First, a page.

I recently responded to a question, since closed, regarding the social impact of quantum computing.
The reason for the closure was that any answers were expected to be primarily opinion based. This seems reasonable — in my answer, I clearly stated that any assertions were bound to be speculative in nature. That said, despite the norm violation of the question, I do see value in it being asked. Specifically, these kind of questions:
- Encourage the community to consider the social impact and broader implications of our work.
- Can serve as a wellspring of new ideas for practical applications of quantum computers, something which many in the QIP community see as important to the future of the field.
- May bring to light evidence (or lack thereof) for quantum computing applications, yielding novel research directions and/or better prioritization of resources in applications research.
- May allow for more communal inclusivity, especially for members outside of domains traditionally associated with QIP.
Of course, with these potential benefits may come potential drawbacks. These may include:
- Low quality, opinion-based arguments.
- Low quality, unfocused questions.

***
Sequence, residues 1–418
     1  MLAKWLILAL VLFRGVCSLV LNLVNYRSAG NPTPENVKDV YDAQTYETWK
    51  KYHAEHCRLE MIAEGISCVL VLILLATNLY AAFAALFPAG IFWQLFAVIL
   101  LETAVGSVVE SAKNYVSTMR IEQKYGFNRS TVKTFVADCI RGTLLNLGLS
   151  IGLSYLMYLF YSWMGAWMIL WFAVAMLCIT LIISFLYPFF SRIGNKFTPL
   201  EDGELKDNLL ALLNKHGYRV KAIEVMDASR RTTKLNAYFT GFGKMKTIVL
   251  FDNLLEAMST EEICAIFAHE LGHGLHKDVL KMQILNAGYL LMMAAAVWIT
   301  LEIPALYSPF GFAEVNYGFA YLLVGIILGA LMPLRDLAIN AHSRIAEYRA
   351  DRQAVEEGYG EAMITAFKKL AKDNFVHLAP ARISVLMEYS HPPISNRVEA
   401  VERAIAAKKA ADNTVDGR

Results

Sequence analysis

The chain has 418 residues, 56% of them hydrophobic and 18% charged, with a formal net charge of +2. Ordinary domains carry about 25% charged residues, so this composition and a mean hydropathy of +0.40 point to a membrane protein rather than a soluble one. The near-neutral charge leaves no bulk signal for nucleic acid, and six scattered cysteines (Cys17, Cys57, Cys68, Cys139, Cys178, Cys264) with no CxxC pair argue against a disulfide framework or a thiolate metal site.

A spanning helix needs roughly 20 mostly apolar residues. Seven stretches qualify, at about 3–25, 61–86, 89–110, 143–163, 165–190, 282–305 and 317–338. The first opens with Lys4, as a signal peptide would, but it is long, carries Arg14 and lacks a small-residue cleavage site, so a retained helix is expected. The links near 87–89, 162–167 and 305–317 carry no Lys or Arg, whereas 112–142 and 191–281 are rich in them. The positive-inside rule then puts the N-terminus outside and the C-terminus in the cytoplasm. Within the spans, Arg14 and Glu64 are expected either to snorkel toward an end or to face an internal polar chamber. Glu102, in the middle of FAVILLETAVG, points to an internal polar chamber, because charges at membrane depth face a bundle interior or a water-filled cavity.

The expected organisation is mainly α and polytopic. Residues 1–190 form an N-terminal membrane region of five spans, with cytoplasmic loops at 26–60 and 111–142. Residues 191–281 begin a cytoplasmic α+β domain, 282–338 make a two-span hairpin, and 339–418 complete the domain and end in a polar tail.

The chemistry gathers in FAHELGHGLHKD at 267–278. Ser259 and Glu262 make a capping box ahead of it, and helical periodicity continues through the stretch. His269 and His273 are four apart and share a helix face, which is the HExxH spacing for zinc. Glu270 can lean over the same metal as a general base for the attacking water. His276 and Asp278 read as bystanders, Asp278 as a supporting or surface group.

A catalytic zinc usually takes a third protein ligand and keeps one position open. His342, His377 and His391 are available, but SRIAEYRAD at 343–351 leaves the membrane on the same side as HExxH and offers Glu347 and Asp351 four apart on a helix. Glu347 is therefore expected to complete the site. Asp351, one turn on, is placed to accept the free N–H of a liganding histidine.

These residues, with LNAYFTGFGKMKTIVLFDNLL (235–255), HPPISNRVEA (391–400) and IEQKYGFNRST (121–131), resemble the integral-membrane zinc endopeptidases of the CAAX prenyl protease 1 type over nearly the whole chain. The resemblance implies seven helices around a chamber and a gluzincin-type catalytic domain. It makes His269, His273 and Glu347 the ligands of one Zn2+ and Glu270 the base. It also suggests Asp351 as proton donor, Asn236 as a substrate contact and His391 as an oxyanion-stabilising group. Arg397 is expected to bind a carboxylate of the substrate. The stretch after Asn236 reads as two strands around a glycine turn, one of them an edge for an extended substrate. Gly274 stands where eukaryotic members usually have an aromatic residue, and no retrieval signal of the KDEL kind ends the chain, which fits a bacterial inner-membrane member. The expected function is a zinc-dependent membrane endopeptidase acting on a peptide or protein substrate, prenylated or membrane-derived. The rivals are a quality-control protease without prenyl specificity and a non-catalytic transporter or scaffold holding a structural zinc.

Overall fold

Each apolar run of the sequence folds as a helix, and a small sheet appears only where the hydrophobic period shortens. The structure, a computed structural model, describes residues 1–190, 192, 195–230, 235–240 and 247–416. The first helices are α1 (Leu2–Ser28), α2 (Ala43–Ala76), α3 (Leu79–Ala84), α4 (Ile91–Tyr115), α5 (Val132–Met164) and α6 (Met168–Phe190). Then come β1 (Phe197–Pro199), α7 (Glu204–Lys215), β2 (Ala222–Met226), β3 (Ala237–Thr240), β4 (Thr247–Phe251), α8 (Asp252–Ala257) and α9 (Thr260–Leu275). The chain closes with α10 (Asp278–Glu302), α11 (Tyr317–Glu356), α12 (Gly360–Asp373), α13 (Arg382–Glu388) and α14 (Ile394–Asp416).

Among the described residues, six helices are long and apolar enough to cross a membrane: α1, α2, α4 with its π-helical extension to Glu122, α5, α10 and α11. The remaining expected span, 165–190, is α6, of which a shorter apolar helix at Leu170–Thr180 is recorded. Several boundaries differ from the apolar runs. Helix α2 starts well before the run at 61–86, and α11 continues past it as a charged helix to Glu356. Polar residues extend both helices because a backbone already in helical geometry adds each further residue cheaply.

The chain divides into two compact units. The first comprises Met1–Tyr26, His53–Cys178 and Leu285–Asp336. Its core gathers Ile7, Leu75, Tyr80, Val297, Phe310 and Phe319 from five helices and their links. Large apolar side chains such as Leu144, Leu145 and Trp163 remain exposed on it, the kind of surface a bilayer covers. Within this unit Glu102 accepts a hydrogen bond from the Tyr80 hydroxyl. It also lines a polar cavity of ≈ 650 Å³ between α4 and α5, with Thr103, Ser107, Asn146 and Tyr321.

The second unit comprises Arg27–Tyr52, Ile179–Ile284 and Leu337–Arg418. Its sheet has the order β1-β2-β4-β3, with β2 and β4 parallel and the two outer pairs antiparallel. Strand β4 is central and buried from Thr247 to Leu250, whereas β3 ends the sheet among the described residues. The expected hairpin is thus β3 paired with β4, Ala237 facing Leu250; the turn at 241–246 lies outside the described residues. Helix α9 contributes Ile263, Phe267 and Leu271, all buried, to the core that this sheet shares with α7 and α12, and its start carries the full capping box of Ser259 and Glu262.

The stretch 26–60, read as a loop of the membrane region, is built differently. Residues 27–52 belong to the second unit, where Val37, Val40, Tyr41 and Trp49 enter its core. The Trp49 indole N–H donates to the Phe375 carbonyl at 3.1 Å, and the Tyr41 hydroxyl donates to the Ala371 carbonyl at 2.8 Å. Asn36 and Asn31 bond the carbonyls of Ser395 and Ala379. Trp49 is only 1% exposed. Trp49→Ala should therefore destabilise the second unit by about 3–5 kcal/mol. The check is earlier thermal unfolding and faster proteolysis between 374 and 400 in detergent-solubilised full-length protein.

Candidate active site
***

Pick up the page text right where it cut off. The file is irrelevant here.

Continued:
Nonetheless, my view is that these drawbacks are ones that can be mitigated against by the expectation of high-quality, logically consistent arguments and, when needed, robust evidence. This is one purpose of the reputation system and these are norms that are already well-established on the QCSE. Further, to make this meta (pun intended), we have opinion based discussions in the QC meta every day and other SE sites every day.
All said, I would be very interested in hearing thoughts from other members of the community. Thus, my question is, should we consider social impact questions? And, more generally, what criteria should we use to determine whether an answer is opinion based?
P.S. Regarding the latter question, I think it should be pointed out that communal knowledge may consist of evidence based facts and shared intuitions, the latter of which may in some instances be opinion based. Further, even when evidence supports a fact, the degree of confidence in that evidence may vary and thus some individuals may accept it whereas others may not; that is, an objective fact may have a subjective interpretation. For example, a very small minority of computer scientists believe that $P=NP$, often pointing to the lack of a proof that $P≠NP$ and ignoring the overwhelming non-specific evidence that the odds that $P=NP$ are very low.